The Aryans that invaded the Indo-Pak Subcontinent had the fear that if no action was taken, they being in minority would be overwhelmed by the local people. Also, they being of noble extraction would be assimilated with the natives and thus would lose their Aryan identity. They had, therefore, to create a fortress of social institution, a regime of apartheid.
Humans are by nature suffering from the “us and them” syndrome. It has given birth to the caste system leading to people’s stratification in a society based on the notion of a section being pure and the other polluted. Various factors are at play in creating this phenomenon, like economic and financial position, profession, race, descent, place of origin etc. Such a differentiation among the people is generally endogamous and hereditary, and so the stigma continues for generation after generation resulting in such evils as hatred, discrimination, maltreatment, exclusion, segregation, and servitude.
Many countries have seen such groups of outcastes like Japan’s Burakumin, Korea’s Baekjeong, Yemen’s Akhdam, Nigeria’s Osu, Somalia’s Madhiban/Yibir/ Tumal, and Kenya’s Watta. This class is generally required to perform dirty works like scavenging and to live in designated areas separate from the living quarters of the high caste people.
Millions and millions of people around the world are suffering from this apartheid. Such a caste system is man-made and, therefore, has either been done away with through legislation or has lost its intensity with the changes in time, norms of society, and economic and social status of the victim.
In this regard the caste system of Hinduism is unique. Though it is also man-made yet it has been buttressed with the sanctity of religion. Thus, it has been used to structure the life of a Hindu from birth to death, even to his next birth irrespective of the place where he is born or lives. Being made as one of the chief pillars of Hindu society and religion, it is persisting tenaciously even to this day. An orthodox follower of this religion holds that the caste system is of divine appointment and that it has existed for all time. According to them, this philosophy springs out of the person of the Divinity himself. The tenth and final “book” of the Rig Veda (X.90), explains in the hymn, ‘Sacrifice of the Cosmic Man” (Purusha-sukta): “Into how many portions did they divide this being whom they immolated? What did his mouth become? What are his arms, his thighs, and his feet now called? His mouth became Brahmana, his arm was made Rajanya; his thigh was transformed into Vaiśy; from his feet sprang Śudra”. Such a classification of human beings that claimed to be universal and divine is not, however, acceptable to the world or to any other religion. The origin of this man-made system is political, and religious sanction has been given to it merely to sustain it.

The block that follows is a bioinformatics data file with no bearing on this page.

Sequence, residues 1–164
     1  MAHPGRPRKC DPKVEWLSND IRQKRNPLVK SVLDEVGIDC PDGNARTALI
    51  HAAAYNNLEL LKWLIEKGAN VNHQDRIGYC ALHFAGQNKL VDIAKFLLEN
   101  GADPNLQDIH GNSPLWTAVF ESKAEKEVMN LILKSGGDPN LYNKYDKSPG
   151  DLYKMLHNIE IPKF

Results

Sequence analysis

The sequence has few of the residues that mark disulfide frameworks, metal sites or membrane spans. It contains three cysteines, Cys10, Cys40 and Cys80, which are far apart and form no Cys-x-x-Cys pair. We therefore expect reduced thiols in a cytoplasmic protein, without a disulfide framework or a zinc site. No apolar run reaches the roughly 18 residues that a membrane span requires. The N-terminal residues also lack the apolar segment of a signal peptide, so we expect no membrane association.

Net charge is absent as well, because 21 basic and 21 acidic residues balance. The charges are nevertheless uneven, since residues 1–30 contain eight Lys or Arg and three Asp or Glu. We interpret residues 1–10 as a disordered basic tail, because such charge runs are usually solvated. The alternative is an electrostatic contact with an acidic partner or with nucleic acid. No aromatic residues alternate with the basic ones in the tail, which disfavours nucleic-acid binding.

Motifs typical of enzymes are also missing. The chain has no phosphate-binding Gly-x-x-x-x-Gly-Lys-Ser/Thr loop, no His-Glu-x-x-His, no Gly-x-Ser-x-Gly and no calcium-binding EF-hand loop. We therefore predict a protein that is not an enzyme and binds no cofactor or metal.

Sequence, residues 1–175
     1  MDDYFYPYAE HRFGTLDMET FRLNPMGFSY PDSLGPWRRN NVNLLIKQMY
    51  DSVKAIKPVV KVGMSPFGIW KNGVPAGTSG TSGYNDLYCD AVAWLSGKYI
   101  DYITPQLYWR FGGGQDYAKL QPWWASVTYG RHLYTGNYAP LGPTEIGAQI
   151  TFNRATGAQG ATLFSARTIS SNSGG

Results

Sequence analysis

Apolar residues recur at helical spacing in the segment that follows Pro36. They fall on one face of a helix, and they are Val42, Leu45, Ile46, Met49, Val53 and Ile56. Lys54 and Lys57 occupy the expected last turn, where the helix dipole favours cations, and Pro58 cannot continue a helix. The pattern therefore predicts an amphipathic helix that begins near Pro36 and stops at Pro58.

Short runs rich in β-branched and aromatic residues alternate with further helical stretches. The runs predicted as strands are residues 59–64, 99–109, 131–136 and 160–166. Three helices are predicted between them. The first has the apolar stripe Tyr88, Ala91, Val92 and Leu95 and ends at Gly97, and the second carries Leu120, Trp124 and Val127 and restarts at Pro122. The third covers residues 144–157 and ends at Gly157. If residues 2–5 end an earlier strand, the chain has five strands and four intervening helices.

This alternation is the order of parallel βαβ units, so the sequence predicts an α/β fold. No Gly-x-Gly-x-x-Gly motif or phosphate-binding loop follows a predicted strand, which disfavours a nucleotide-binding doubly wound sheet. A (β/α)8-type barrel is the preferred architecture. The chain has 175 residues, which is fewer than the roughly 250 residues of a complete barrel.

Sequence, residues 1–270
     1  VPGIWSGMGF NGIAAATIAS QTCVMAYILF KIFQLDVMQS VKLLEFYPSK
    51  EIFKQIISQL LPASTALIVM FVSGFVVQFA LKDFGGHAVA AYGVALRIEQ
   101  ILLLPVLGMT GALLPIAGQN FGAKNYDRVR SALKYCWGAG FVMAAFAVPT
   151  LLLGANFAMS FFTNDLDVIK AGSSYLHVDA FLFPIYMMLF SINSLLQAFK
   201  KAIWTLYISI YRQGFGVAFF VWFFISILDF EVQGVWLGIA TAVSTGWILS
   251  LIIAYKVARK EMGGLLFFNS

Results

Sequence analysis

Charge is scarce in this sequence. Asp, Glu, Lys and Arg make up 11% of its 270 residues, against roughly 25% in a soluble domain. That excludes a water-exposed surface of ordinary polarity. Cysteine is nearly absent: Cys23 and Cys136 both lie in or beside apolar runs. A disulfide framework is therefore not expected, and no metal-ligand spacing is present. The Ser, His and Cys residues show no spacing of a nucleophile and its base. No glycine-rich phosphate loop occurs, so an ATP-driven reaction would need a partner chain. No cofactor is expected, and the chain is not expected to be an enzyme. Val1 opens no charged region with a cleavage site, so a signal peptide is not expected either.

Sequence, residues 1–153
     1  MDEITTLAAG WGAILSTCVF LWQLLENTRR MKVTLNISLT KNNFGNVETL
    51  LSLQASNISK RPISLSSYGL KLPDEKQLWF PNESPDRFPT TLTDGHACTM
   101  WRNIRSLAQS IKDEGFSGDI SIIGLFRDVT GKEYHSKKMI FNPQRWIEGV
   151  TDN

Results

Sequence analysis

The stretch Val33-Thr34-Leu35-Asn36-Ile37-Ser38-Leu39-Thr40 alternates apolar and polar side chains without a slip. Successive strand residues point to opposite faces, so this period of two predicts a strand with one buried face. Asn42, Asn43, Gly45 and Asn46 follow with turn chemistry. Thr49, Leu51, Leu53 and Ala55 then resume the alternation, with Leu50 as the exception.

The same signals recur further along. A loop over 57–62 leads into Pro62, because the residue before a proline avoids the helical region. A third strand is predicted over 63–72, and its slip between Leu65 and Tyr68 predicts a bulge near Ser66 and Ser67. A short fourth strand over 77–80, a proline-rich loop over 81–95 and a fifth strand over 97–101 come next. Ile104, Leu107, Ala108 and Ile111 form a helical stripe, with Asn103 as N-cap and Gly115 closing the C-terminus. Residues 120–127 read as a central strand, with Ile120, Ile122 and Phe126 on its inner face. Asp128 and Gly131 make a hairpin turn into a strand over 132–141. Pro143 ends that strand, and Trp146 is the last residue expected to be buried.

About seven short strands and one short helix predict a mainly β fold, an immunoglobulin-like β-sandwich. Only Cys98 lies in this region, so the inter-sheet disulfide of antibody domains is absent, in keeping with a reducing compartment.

The invading Aryans in the Indo-Pak Subcontinent had the fear that if no action was taken, they being in minority would be overwhelmed by the local people. Also, they being of noble extraction would be assimilated with the natives and thus would lose their Aryan identity. They had, therefore, to create a fortress of social institution, a regime of apartheid. The institution that emerged in this way was based on the most obvious mark of distinction between the Aryans and the local people: the color of skin. The equivalent word for ‘covering’ in their language was varna. So, the natives were declared to be belonging to different varna, thus keeping the dark-skinned native population segregated from themselves. They now belonged to new varna, to that of Sudras. This division of society on the basis of color was eventually to become so deep-rooted in the Aryan culture that varna was translated later into an ultra-rigid caste system.